The history and administration of Arkansas property taxes
By Eddie A. Jones, AAC Consultant
Arthur Godfrey, the American radio and television broadcaster and entertainer, once said something like this, “I’m proud to be paying taxes. The only thing is — I could be just as proud for half the money.” But Oliver Wendell Holmes, Jr., an early 20th-century Supreme Court jurist, said what most any level-headed person would think and say, “Taxes are what we pay for civilized society.”
Surveys find that the “property tax” is the most hated of all taxes. Why is it, detractors say, that you have to keep paying the government on something that you own — forever? Or, in the words of one protester on YouTube, property tax is “oxymoronic, unjust, and un-American!”
On that last point, he’s onto something, at least on a literal level: The origins of the property tax aren’t American at all. It, instead, has roots that date back to Europe’s feudal system. First instituted in England by William the Conqueror in 1066, the early tax system worked this way: A king (or conqueror) took over all the land in a given territory. He would then divide it among his lieutenants and supporters, who would pay him (with money or services) in order to keep that land. In return, landholders enjoyed the king’s protection and were able to rent the property out to others who would live and work the land for a fee. The punishment for nonpayment was forfeiture of the land. At the time, this system was called “free and common socage.” The person who held the land was called a socman, his taxes — socage. The arrangement created a way for people to own land while still having to remain loyal to the crown, which also had rights to the land.
After expansion across the Atlantic started, King James made sure that this system traveled overseas with the first settlers at Jamestown, so he could partake in the profits of exploration of the new land. The charter of the Virginia Company held that, as in feudal times, the king would protect the lands in Jamestown, and in return, the people living on the land would pay him a share of their profits.
When the colonists revolted and property owners no longer had a king to answer to, the new American government had to figure out who actually owned the land. It was decided that the government would step into the role the king once held. The Northwest Ordinance established that the federal government owned all the lands, and the state served as the “donor,” which essentially meant the person who collected the fees from the tenants. After the Northwest Ordinance, when land was sold to an individual, the state had the right to collect payment from that individual in perpetuity. This was a system very similar to free and common socage called “fee simple.” That basic principle, and terminology, persists today: Anyone buying a house will notice the term “fee simple” in their legal documents stating that they own the land and property, which is still subject to taxes.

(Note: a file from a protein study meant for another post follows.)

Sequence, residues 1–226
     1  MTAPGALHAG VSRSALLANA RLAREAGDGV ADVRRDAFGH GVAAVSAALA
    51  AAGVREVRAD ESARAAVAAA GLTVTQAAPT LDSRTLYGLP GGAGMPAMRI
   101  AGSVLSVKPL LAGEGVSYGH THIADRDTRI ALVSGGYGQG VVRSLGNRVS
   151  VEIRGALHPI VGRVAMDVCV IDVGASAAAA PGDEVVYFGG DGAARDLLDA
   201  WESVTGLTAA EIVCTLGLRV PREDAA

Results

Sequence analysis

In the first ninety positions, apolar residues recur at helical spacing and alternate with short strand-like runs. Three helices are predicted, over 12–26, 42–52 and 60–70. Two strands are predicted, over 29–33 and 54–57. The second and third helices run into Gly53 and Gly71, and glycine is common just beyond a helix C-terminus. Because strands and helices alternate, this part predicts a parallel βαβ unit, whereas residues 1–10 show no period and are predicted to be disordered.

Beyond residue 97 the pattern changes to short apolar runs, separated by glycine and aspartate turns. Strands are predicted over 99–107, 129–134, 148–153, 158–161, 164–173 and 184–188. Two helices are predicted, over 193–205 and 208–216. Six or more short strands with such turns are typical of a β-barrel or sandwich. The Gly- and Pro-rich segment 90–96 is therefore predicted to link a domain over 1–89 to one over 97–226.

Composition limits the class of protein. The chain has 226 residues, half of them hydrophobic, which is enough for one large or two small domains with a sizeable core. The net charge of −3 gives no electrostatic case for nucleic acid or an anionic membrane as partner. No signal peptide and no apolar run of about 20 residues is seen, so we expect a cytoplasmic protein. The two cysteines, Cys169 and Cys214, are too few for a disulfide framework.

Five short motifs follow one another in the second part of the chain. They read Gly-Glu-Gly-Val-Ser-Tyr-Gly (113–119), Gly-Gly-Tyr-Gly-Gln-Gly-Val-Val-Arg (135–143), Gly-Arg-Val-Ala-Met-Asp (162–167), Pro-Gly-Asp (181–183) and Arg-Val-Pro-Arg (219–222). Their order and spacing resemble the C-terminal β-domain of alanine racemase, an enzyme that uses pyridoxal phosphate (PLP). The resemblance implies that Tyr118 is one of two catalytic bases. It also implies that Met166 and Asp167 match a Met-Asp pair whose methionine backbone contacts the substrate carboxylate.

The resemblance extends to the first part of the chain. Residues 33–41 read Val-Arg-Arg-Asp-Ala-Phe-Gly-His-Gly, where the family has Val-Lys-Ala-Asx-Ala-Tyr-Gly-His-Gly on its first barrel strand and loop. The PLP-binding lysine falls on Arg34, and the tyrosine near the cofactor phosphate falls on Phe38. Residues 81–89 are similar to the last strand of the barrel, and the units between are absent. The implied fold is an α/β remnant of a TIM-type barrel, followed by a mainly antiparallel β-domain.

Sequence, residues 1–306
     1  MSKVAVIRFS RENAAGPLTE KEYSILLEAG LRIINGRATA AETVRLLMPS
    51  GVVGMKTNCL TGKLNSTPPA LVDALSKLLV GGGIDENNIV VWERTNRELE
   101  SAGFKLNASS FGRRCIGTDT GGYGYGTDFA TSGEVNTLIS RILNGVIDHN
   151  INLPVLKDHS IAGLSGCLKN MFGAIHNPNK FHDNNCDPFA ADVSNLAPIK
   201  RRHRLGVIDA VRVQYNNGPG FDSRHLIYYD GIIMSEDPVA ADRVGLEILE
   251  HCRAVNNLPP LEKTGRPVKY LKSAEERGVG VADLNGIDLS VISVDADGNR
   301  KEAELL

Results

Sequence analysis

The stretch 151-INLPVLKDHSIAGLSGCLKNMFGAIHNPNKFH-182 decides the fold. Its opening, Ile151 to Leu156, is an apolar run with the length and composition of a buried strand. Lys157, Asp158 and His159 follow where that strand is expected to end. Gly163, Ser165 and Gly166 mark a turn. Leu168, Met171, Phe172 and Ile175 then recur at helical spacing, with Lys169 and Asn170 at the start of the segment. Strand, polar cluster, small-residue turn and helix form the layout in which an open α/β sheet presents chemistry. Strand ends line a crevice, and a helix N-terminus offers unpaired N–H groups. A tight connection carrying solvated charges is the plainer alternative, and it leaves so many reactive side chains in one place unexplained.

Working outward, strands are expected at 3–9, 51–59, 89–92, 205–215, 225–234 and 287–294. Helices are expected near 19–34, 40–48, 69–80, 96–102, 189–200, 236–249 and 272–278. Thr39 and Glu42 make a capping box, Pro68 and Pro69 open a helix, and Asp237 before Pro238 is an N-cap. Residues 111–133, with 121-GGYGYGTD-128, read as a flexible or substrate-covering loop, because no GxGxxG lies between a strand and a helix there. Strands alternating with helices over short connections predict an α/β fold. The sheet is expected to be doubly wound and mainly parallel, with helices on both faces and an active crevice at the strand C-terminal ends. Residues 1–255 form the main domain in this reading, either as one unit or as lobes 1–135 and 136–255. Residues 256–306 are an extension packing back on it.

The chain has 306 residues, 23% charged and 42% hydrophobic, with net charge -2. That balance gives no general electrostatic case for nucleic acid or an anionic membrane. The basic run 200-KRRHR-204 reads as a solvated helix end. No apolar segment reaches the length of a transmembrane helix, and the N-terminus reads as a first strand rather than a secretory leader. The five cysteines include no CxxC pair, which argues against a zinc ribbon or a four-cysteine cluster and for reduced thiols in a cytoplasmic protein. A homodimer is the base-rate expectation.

It’s a peculiar note of history that the founding fathers, who spoke often of abolishing the feudal system, kept this remnant of the Old World. But the rationale is very simple: They needed the money. In fact, the federal government levied a national property tax in 1798, 1814, 1815, 1816, and 1861. These taxes usually outraged residents, who would often revolt, but the system of collecting property tax remained. That’s because property taxes were locally collected and spent, and often paid for things like roads that property owners would be able to see, and that increased the value of their property. Sound familiar?
Property taxes in the United States, as we know them, originated during colonial times after the American Revolutionary War. By 1796, state and local governments in 14 of the 15 states taxed land. Delaware did not tax property, but rather the income from it. Arkansas, of course, did not exist as a state yet.
During the period from 1796 until the Civil War, a unifying principle developed: “the taxation of all property, movable and immovable, visible and invisible, or real and personal at one uniform rate.” During this period, property taxes came to be assessed based on value. This was introduced as a requirement in many state constitutions such as the Arkansas Constitution of 1874.
After the Civil War, intangible property, including corporate stock, took on far greater importance. Taxing jurisdictions found it difficult to find and tax this sort of property. This trend led to the introduction of alternatives to the property tax, such as income and sales taxes, at the state level. Property taxes remained a major source of government revenue below the state level.
Various economic factors have led to taxpayer initiatives in various states to limit property tax. In 1978 Proposition 13 amended the California Constitution to limit aggregate property taxes to 1 percent of the “full cash value of property.” It also limited the increase in assessed value of real property to an inflation factor that was limited to 2 percent per year.
Arkansas has some of that type history, too. First, in the late 1960s and into the 1970s when the courts ruled that Arkansas assessors were not assessing property in accordance with constitutional law, counties were ordered to properly, and on a continual basis, assess real and personal property according to its market value. State legislation was enacted to reinforce constitutional law and to establish a uniform assessment procedure for counties to follow.
Since property had, for many years, been assessed below value the reappraisal of property was going to increase property taxes in Arkansas immensely in that first statewide, court-ordered reappraisal. That is when Arkansas Constitution, Amendment 59 was passed in the general election of 1980 to repeal in part and add to Arkansas Constitution, Article 16.